you people

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English[edit]

Noun[edit]

you people (plural only)

  1. (pejorative) Any outsiders of a clique.
  2. Members of a particular group, collectively.
    That is the type of thing you people would say.
    • 2000, Joe R. Feagin, Racist America: Roots, Current Realities, and Future Reparations, page 245
      There's a young white woman that I work with now, and she really hasn't worked with a lot of people of color, and she uses the term, 'you people,' and I bring it to her attention. And she's like 'oh, oh', [....]
    • 2001, Kenneth S. Bordens, Irwin A. Horowitz, Social Psychology, page 120
      In another incident, presidential candidate Ross Perot ran into trouble in 1992 when addressing the NAACP. He used the phrases like you people and your people when talking about who would suffer the most from economic problems and runaway crime.
    • 2006, Raymond M Scurfield, A Vietnam Trilogy, page 75
      He said, I just came back from Guadalcanal. I've been fighting through the jungles. Fighting day and night. But I didn't realize there was a war on until I came back to the United States. And especially tonight. When I came back and I find out that we've now got women Marines, we've got dog Marines, and when I see you people wearing our uniforms, then I know there's a war on.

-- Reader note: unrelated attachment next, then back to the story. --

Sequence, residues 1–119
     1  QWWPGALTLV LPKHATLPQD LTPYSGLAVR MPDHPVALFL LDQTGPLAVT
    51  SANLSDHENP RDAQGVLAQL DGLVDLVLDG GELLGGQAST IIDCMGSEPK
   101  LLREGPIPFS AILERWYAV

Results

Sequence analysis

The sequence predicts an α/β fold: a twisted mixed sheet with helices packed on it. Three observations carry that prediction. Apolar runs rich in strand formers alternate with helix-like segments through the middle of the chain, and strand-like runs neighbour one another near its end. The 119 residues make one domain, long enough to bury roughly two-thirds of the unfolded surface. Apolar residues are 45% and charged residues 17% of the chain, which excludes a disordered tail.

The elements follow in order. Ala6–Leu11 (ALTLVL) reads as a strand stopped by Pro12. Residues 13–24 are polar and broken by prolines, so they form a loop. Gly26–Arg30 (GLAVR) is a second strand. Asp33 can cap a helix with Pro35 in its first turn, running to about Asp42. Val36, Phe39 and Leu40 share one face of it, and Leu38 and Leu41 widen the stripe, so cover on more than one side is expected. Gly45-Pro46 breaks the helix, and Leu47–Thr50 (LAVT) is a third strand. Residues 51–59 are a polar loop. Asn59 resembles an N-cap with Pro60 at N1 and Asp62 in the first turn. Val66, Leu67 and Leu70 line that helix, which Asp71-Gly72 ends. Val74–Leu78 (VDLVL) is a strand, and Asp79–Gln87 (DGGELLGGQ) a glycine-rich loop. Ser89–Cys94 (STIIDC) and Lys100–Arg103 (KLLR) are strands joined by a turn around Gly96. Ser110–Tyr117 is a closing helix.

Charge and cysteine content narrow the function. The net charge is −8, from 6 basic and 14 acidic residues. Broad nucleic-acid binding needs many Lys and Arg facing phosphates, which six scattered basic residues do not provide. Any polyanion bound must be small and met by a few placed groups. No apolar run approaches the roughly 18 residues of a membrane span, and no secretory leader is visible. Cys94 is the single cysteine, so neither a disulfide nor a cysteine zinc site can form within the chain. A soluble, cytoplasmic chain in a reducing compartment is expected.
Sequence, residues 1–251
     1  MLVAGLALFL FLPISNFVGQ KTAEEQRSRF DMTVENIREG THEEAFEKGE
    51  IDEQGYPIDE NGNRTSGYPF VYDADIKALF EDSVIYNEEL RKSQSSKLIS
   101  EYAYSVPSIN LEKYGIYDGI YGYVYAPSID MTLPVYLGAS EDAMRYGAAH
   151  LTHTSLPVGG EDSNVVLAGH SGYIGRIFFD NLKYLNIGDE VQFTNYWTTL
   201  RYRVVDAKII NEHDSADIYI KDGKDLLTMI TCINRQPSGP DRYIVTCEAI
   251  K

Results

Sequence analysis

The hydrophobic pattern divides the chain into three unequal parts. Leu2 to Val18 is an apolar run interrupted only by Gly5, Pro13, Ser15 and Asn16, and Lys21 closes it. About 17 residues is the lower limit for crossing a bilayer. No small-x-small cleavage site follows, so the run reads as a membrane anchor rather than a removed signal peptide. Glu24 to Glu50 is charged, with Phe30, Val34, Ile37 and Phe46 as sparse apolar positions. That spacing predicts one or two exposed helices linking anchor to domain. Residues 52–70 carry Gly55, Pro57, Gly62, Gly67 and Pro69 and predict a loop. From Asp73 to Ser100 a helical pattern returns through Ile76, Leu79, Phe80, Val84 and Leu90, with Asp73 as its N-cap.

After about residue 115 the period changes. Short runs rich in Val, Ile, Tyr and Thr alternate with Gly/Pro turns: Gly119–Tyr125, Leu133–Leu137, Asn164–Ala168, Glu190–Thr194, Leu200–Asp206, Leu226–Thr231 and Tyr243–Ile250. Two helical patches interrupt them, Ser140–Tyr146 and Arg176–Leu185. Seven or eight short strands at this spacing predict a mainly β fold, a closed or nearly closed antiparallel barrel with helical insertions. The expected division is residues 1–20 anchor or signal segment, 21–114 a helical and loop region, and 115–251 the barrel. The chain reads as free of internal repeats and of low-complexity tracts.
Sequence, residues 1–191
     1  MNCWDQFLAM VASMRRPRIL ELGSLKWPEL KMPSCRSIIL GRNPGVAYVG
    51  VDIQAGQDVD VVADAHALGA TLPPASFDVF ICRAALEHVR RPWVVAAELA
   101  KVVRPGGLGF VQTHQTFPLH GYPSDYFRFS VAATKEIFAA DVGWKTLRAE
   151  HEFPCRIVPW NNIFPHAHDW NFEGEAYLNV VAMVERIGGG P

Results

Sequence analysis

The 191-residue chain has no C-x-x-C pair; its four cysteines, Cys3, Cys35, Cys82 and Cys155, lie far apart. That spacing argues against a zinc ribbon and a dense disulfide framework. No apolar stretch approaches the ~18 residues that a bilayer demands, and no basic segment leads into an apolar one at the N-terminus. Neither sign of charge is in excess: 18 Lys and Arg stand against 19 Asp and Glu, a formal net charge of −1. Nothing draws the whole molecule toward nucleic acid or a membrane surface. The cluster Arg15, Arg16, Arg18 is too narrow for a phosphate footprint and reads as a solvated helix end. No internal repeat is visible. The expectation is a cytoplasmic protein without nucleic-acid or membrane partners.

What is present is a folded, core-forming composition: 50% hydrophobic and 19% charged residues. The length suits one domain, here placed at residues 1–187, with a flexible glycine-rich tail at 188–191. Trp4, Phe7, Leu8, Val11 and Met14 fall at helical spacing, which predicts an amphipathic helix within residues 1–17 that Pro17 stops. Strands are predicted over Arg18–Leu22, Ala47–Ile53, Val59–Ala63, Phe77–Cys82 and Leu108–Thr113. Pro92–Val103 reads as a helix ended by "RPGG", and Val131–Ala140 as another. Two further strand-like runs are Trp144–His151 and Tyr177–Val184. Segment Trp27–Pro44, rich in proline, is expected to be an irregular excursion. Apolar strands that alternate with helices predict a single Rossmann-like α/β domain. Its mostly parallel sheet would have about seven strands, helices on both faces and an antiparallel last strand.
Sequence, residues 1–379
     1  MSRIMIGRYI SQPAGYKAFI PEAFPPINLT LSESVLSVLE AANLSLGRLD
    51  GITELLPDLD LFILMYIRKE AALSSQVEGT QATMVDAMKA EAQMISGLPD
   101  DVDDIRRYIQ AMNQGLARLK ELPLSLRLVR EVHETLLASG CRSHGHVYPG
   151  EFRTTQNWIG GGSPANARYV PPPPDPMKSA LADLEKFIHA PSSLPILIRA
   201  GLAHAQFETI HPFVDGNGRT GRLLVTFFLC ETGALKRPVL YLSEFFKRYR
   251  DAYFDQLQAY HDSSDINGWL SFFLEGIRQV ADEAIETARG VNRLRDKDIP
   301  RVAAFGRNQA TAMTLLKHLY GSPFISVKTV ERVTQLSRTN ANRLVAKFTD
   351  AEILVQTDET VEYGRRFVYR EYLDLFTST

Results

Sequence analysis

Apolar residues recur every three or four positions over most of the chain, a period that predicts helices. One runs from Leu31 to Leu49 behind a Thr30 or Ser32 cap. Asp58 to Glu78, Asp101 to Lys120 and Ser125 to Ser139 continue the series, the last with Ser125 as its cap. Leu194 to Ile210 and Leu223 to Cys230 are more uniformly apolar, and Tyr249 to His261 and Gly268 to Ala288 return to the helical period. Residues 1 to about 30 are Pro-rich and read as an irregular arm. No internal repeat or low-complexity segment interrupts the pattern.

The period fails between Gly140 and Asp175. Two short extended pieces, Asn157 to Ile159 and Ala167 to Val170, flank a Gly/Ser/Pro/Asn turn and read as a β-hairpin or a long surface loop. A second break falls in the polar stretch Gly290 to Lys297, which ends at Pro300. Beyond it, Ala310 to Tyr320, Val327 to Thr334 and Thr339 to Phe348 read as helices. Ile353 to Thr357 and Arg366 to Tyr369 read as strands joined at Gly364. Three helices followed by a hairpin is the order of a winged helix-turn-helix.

Goddamn. You never saw so many Coke bottles fly. Knocked him down. And there was a riot that night. The first black riot in Marine Corps history.
    • 2007, Cees Nooteboom, Susan Massotty, Lost Paradise: A Novel, page 51
      That's what attracts you people, if you don't mind my saying so. "You people" doesn't sound very polite, but I have lived for years out here in the back of beyond, where I have watched you people come in search of answers.
    • 2007, Ed Griffin, Beyond the Vows, page 107
      He said some cleaning compound was missing and he suspects you because you people are always stealing things.
  3. (US, Maine) Plural of you.

Usage notes[edit]

  • In the United States, this expression, however intended by the speaker, has been interpreted as indicative of racism when used in discourse with those of a race different from the speaker's, or of discrimination on an ethnic or religious basis in analogous situations.

Quotations[edit]